Rueter’s Digest: America’s Lavar Ball problem


Sam Rueter

The two most storied franchises in NBA history, the Boston Celtics and the Los Angeles Lakers, played a regular season game on Nov. 8, 2017 in their first matchup of this season. In the days leading up to the game, ESPN ran a series of promos trying to stir fan interest in the relatively meaningless affair. These promos included footage of iconic players such as Magic Johson, Jerry West, Bill Russell and Larry Bird. Each of these individuals famously wore Celtic green or Laker purple and gold. While not every promo contained the same content, they all ended the same way: a graphic would flash across the screen with the words “rivalry renewed,” alongside a picture of three Celtics players and one Lakers player. That single player is a skinny, acne-speckled 20-year-old named Lonzo Ball, the new king of the Lakers. But what, or more aptly, who really fueled Lonzo Ball’s coronation?

Back in 2016, Lonzo Ball’s father, Lavar, declared that UCLA, Lonzo’s then-college team, would win the NCAA men’s basketball championship. Lavar has been a non-stop source of hot-takes, media sound bites and self-promotion ever since. He has parlayed Lonzo’s name recognition into a reality TV series, a slew of endorsement opportunities and most notably, an apparel company called “Big Baller Brand,” where Lonzo and his 16-year-old brother LaMelo have signature shoes that retail for upwards of $400 a pair.

According to those familiar with the retail industry, Lavar cost his family millions by turning down a proposed deal with heavyweight sports company Nike in favor of branching out on his own with “Big Baller Brand.” What Lavar lost in revenue, however, he more than made up for in individual mobility and influence. He retains sole decision-making power when it comes to all things concerning the Ball Family enterprise.

Operating within an inherently exploitative environment, covered by a sports media industry that increasingly relies on yelling as opposed to thoughtful discussion, there is a certain poignancy to all that Lavar Ball does. Over and over again, he cuts out a middle man who is widely decried. He yells and screams for attention, much in the same way as those who admonish him. Like President Trump, he is the manifestation rather than the cause of the political, social and cultural environment in which he exists. As such, we must ask the question of Lavar that we ask of Trump: is he gaming the system or destroying it?

It is perhaps giving Lavar too much credit to assert that he is a master manipulator who pushes all the right buttons and pulls all the right strings. However, it is equally misleading to write him off as a buffoon who landed in the spotlight simply because of his talented sons. It is more likely that Lavar had big goals for his family and his kids, poured his energy and efforts into achieving them and was then thrust into the spotlight when his investments started to pay dividends.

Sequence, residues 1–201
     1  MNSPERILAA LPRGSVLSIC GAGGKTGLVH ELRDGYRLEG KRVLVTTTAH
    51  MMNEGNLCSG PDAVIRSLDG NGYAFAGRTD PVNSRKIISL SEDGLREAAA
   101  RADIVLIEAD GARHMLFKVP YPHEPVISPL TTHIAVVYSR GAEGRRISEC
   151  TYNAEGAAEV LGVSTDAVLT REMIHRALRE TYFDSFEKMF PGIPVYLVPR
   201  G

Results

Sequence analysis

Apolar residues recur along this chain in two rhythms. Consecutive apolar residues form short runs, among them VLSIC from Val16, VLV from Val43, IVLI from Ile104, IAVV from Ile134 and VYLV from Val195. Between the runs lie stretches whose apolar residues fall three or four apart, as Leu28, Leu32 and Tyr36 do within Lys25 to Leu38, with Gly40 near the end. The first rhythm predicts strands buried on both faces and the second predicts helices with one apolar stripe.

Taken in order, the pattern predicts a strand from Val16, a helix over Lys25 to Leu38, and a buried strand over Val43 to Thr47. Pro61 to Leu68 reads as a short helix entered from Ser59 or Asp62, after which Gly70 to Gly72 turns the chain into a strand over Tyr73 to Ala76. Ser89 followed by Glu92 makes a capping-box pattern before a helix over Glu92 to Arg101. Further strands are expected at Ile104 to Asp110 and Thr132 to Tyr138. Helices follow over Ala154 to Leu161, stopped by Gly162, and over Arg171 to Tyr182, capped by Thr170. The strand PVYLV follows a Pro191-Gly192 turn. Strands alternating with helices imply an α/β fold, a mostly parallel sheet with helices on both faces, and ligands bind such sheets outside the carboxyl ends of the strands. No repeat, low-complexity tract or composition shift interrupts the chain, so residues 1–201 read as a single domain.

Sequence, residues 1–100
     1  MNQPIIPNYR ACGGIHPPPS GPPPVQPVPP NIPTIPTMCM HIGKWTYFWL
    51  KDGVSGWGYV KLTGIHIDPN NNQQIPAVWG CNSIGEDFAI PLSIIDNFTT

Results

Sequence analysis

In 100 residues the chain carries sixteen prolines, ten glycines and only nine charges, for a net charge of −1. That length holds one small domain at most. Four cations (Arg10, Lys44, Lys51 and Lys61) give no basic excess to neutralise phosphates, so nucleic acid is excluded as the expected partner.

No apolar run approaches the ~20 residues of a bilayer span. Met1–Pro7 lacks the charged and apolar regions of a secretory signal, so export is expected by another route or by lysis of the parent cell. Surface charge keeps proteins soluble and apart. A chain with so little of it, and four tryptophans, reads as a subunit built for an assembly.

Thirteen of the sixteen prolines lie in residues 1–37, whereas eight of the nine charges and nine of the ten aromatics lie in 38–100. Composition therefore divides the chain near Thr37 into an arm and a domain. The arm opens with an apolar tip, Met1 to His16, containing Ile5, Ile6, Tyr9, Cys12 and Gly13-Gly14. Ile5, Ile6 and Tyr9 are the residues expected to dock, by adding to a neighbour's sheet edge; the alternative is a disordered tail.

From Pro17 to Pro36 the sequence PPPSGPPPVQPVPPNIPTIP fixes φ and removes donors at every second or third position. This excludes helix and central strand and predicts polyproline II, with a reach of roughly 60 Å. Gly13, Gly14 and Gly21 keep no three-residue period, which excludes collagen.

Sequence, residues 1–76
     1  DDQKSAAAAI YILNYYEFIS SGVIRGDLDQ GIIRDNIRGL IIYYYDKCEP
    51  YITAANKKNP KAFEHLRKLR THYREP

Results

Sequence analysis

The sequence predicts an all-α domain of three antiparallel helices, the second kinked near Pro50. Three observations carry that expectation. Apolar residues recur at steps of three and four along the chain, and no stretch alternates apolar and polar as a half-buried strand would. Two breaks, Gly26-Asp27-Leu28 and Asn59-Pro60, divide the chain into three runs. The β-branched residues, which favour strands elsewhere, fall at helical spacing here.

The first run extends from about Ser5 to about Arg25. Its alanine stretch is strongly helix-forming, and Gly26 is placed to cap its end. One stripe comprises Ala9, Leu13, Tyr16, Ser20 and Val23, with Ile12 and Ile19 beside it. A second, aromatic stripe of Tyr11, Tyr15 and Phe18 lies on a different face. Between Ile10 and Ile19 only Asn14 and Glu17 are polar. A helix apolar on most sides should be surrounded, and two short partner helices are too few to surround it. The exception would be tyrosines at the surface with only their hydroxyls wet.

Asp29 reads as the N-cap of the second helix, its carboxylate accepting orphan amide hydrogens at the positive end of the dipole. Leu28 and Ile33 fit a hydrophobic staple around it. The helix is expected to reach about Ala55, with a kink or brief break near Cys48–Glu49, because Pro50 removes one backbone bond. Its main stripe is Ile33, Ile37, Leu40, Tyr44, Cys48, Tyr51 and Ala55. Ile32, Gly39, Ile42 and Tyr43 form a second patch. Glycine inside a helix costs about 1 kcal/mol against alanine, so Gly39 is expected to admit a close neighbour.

That doesn’t make Lavar a genius or a chump, but rather an opportunist whose motives are up for debate.

What isn’t debatable, however, is that Lavar has done little to take the shine off of his son Lonzo. If anything, he has given Lonzo a certain amount of goodwill from people who see Lavar as an exploitative father and Lonzo as the docile and obedient son. In fact, the word most often thrown around by sports media about Lonzo, aside from adjectives which describe his god-like passing ability, is “misunderstood.” Many may think it applies to Lonzo, but Lonzo, writing an article in The Player’s Tribune before the June NBA Draft, argues that it also describes his father.

“The confidence that you [Lavar] have in me makes me feel so strong,” Lonzo wrote. “It’s helped me to never back down from a challenge and to stay true to myself. I’m going to be taking this next step to the NBA knowing that I’m ready.”

During a May 2017 interview on Fox Sports’ “The Herd,” contributor Kristen Leahy attempted to ask Lavar Ball a question about his brand and his relationship with his sons. “Stay in your lane,” Lavar snapped back at her. Instead of apologizing in the wake of intense backlash to what many perceived to be offensive comments, Lavar doubled down. Within days the “Big Baller Brand” online store was selling shirts adorned with the phrase “Stay in Yo Lane.”

This commercialization of casual sexism, emblematic of Lavar’s ability to make anything marketable and relevant simply because “Lavar said it,” is the scariest part of his ascension to the limelight. Much like President Trump, Lavar has become a cultural force and a brand, who sweeps up scores of supporters with rhetoric and hides behind a mantra (“Big Baller” or “Make America Great Again”) that solely benefits its creator.

Although Lavar Ball and President Trump hold different roles with different responsibilities, they have similarly used their big personalities and brashness to garner a strong support base — a support base that is willing to overlook the questionable character traits of their respective patriarchs in the name of belonging to a movement. In Lavar’s case, he has made unapologetically sexist comments on multiple occasions. In Trump’s case, he has threatened the very foundation of American Democracy.

Hopefully Lonzo Ball’s selfless playstyle leads to greatness on the basketball court and affection off of it. Hopefully Lavar Ball can serve as a prescient reminder that we need to separate brands from ideologies and good fathers from questionable men.